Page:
Daniel Shanahan recently recounted his discussion with a principal about his school curriculum. His students were under-performing and he assured Daniel that students were receiving plenty of instruction in phonics and fluency.

 

When he looked at the teacher’s curricular plan, it looked as if plenty of reading instruction was given every day, but his impression changed once he began visiting classes.

 

Daniel:

“Much of the instructional time wasn’t used for instruction at all. The teachers spent a big chunk of time on “sustained silent reading” and they read to the children quite a bit, too. All the classrooms had multiple reading groups. That meant that the boys and girls did a lot of worksheets to keep them quiet while the others were reading with the teacher.

The small group teaching entailed little more than reading a story together out of a textbook, with quite a bit of round robin reading. I guess that was the fluency work.”

 

What about phonics instruction?

“The teachers would hand out a couple of phonics worksheets from the textbook program. She’d read the directions to the class and have the kids fill out the pages and then she’d score them and hand them back. Phonics assignments more than phonics instruction. I don’t know what the publisher had in mind, probably not what the students were getting.

I didn’t keep track at the time. In retrospect I’d guess those kids got about 5 minutes a day of phonics (and as for quality of instruction, please don’t get me started). The same point could be made about the “fluency work.” Round robin reading rarely gives kids more than a minute or so of practice. Across a school year, that would amount to less than 3 hours of oral reading practice if done daily!

In other words, these children weren’t getting much phonics or fluency teaching.

These boys and girls needed to learn how to read. Nevertheless, no one was teaching them very much.”

 

With the way that teachers are overloaded these days (not even considering the pandemic!), it’s not surprising that many students don’t get the individualized attention that many dyslexic students could really benefit from.

Even if you are a homeschooling parent, be aware of assigning more than teaching. A great deal of dyslexia remediation involves explicit teaching of things that don’t seem to come automatically to dyslexic students, whether that recognizing the sounds that make up the parts of words or something like grammar in complex sentences.

Even curricula that looks as if it its heart is in the right place (like TCI’s Science Alive!). It is one thing to listen to lectures and do activities, but spending 90% of the time filling out worksheets is an inefficient way to learn for many dyslexic students. That time would be better spent with learning something new, mental breaks, and either creating something or designing creative solutions to a problem in the real world.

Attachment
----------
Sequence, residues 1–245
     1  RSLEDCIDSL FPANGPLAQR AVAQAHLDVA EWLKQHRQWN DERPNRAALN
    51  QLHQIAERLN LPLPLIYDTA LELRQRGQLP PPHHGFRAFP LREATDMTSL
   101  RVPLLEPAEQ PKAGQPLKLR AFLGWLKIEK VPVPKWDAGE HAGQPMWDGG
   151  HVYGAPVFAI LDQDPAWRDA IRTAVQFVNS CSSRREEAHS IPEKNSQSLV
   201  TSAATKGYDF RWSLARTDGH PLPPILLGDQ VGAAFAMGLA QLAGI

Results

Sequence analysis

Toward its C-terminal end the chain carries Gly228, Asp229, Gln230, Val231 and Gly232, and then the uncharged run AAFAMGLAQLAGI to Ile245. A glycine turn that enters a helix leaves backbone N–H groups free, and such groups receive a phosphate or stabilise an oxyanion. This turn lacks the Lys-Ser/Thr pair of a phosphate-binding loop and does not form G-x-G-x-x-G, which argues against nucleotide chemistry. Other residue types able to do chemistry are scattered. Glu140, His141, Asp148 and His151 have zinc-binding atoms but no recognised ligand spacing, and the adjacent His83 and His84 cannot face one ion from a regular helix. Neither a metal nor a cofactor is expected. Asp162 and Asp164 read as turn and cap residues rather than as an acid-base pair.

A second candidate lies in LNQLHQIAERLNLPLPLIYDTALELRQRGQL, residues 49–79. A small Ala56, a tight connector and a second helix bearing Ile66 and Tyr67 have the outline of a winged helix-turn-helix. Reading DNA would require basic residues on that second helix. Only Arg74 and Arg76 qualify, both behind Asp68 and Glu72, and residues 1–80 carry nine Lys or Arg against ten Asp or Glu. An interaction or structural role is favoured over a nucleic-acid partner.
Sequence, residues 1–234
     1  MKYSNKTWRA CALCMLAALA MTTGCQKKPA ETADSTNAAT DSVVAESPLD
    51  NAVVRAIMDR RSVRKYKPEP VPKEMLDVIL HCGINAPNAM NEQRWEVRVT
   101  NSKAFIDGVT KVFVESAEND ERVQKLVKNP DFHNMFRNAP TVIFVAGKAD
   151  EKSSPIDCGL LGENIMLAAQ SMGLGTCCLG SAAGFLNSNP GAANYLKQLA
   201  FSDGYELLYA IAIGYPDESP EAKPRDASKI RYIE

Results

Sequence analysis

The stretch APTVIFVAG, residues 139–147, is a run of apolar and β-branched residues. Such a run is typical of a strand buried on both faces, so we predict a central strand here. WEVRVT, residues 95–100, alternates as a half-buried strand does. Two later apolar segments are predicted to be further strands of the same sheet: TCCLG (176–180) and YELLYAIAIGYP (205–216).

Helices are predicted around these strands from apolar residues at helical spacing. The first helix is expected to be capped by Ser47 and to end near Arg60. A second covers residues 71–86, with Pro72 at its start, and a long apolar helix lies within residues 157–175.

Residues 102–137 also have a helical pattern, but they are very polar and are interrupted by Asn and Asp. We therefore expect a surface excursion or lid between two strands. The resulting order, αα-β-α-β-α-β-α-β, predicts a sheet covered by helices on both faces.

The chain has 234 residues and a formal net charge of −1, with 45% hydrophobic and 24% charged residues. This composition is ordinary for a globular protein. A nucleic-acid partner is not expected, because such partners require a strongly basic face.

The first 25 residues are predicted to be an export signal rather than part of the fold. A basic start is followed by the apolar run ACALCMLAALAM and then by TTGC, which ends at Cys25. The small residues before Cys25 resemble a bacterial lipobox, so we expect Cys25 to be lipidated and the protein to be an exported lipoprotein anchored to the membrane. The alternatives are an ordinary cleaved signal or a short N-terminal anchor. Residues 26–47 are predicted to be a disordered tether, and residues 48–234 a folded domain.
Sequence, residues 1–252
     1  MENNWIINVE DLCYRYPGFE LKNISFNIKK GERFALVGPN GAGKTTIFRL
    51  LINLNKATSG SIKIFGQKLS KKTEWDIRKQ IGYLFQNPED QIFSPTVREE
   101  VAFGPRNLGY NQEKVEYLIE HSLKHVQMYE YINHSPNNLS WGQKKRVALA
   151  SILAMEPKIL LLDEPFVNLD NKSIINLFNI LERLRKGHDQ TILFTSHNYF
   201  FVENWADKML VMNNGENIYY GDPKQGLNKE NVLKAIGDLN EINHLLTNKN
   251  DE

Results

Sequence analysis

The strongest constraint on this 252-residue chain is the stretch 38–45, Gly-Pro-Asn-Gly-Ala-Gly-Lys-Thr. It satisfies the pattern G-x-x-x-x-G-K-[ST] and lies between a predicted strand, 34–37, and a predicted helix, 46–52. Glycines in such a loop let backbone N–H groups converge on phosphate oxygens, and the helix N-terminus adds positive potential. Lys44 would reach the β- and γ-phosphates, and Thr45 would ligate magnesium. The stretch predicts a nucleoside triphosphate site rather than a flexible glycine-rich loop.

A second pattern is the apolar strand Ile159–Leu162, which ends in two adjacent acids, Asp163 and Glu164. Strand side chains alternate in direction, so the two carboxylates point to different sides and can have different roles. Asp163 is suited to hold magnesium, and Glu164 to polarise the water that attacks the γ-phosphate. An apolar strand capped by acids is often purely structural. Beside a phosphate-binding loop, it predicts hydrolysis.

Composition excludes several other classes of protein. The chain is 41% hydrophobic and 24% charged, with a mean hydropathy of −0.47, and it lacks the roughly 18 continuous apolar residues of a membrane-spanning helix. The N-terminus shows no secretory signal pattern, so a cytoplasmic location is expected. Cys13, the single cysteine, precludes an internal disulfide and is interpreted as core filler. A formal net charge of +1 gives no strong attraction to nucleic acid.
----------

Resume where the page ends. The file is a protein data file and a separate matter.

DEATH BY WORKSHEETS

I understand the need to check what students know, but there seems to be a terrible mismatch between what curriculum providers understand about the natural development of people with dyslexia. It is also true that modifications can be provided to students, but there is also a constant message to students that they are not performing to standard when they are regularly assigned paper and pencil work that they cannot possibly complete.

The overwhelming majority of dyslexic students also have dysgraphia and in the early grades, the quantity of work may be unrealistic and self-defeating.

Checking in, and spiraling curriculum – or revisiting topics to deepen knowledge, but not repeating exactly is a better way to maintain the joy of learning, but also make sure students don’t get left behind.

Developmentally, parents and teachers should be aware that in the early grades, students will know much more than they can easily express – often that applies to speaking, but even more so to writing.

I’m not alone in my distaste for worksheets; check out Sara Segar’s Experimental Learning blog post, Why I Don’t Give My Students Worksheets and What I Do Instead. Some examples: student-initiated projects, strategies like Predict-Explain-Observe (or PEO from Page Kelley, gallery walks, reciprocal learning, thought provoking discussions.

Some busywork that should absolutely be banned for dyslexic students are word searches. These are extremely difficult because of visual crowding and overload.

Better elaborative learning and self-cover-check practice for learning spelling than this painful practice.

From the wonderful Cult of Pedagogy Blog from Jennifer Gonzalez comes these worksheet alternative ideas.

 

 

When I was doing a research fellowship, a wonderful lab director (Mike Bishop, he eventually won a Nobel Prize) had an inspiring way of leading lab meetings. When it was time for a student to discuss or present research, he called it the “This is Your Life” show. It reminded everyone that no matter what level they were at – they weren’t really working for him – they were creative people with their own interests and passions – and in that hour everyone had much to learn from them.

Wouldn’t that be a great thing for students to find in school?

 

 

Dyslexia | Dyslexic Advantage